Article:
- Wear a windproof outer layer if you go outdoors.
- Wear a hat or cap if your body begins to cool. This will cause your body to send more warm blood to the hands and feet.
- When you sleep, use a hot water bottle, or electric blanket. Avoid electric heating pads; people have been burned from sleeping with them.
- Good nutrition is very important. Food provides the fuel your body needs to keep warm. Hot nourishing meals and warm drinks add heat to your body.
Keep a water supply
Extreme cold can cause water pipes in your home to freeze and sometimes rupture. When very cold temperatures are expected:
- Leave all water taps slightly open so they drip continuously.
- Keep the indoor temperature warm.
- Improve the circulation of heated air near pipes. For example, open kitchen cabinet doors beneath the kitchen sink.
If your pipes do freeze, do not thaw them with a torch. Instead, thaw them slowly by directing the warm air from an electric hair dryer onto the pipes.
If you cannot thaw your pipes, or the pipes are ruptured, use bottled water or get water from a neighbor’s home. As an emergency measure — if no other water is available — snow can be melted for water. Bringing water to a rolling boil for one minute will kill most microorganisms or parasites that may be present, but won’t remove chemical pollutants sometimes found in snow.
Eat and drink wisely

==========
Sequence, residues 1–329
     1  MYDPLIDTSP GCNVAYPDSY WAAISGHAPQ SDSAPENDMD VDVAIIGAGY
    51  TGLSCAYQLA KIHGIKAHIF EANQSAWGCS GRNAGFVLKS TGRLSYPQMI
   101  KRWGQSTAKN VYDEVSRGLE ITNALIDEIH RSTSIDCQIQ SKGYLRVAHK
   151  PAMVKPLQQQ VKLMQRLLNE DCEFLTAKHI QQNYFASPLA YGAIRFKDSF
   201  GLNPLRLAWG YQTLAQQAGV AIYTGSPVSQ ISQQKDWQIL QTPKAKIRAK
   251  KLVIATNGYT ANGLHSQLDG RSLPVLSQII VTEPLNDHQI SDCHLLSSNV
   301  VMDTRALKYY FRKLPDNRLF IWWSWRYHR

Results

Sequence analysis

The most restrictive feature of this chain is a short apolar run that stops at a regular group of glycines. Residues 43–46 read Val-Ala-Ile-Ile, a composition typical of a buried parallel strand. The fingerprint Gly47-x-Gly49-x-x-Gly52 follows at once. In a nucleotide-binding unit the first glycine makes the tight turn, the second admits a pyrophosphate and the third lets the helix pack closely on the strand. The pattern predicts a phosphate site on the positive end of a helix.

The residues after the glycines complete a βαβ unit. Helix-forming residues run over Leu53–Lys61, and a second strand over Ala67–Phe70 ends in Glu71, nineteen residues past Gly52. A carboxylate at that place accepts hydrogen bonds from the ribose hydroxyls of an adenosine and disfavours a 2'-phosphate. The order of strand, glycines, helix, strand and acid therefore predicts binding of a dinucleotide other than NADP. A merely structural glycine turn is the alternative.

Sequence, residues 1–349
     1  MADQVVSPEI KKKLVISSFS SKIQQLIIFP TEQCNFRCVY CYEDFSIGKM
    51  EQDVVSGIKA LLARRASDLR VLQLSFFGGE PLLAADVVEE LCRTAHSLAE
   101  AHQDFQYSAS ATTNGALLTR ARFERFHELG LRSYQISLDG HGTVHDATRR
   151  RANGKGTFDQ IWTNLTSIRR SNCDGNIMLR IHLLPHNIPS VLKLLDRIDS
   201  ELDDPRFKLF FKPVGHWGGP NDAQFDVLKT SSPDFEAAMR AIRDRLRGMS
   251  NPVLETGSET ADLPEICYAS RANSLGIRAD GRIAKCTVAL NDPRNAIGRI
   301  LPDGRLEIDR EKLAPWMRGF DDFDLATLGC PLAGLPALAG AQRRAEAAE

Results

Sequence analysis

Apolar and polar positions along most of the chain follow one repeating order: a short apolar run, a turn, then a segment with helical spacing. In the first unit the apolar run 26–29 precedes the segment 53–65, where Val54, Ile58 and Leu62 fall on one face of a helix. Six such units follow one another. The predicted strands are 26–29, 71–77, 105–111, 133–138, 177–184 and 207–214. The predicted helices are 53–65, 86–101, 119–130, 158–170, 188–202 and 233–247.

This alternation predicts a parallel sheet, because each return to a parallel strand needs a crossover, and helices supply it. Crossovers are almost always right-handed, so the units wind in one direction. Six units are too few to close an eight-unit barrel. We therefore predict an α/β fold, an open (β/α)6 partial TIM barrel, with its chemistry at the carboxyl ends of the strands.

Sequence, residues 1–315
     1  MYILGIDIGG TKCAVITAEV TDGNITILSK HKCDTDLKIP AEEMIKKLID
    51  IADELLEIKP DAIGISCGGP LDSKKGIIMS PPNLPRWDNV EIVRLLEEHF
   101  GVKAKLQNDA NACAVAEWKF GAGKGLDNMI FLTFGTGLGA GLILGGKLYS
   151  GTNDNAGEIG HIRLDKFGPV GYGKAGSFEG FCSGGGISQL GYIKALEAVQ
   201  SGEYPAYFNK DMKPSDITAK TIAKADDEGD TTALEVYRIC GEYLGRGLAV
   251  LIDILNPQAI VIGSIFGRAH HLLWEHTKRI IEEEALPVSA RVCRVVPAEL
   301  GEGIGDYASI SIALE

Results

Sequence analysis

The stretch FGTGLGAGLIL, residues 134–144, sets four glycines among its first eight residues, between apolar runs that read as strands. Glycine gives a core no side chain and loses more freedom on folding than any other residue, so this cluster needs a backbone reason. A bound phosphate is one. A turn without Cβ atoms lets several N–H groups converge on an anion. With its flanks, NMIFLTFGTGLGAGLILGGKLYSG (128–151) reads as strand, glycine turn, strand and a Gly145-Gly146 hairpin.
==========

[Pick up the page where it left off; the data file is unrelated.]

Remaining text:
Eating well-balanced meals will help you stay warmer. Do not drink alcoholic beverages — they cause your body to lose heat more rapidly. Instead, drink warm, sweet beverages such as hot chocolate or sweetened coffee or tea to help maintain your body temperature. If you have any dietary restrictions, ask your doctor.
For information on food safety in a power outage, please see our fact sheet Keeping Food Safe in an Emergency.
Emergency supplies list:
- An alternate way to heat your home during a power failure:
- dry firewood for a fireplace or wood stove, or
- kerosene for a kerosene heater
- Furnace fuel (coal, propane, or oil – remember to take precautions against Carbon Monoxide poisoning)
- Electric space heater (remember that if there is a power outage and no generator, these won’t work)
- Multipurpose, dry-chemical fire extinguisher
- First aid kit and instruction manual
- Flashlight or battery-powered lantern
- Battery-powered radio
- Battery-powered clock or watch
- Extra batteries
- Non-electric can opener
- Snow shovel
- Rock salt
- Special needs items (diapers, hearing aid batteries, etc.)
Winter survival kit for your home
Keep several days’ supply of these items:
- Food that needs no cooking or refrigeration, such as bread, crackers, cereal, canned foods, and dried fruits. Remember baby food and formula if you have young children.
- Water stored in clean containers or purchased, bottled water — in case your water pipes freeze and rupture – 5 gallons per person.
- Medicines that any family member may need.
If your area is prone to long periods of cold temperatures, or if your home is isolated, stock additional amounts of food, water, and medicine.
For more information: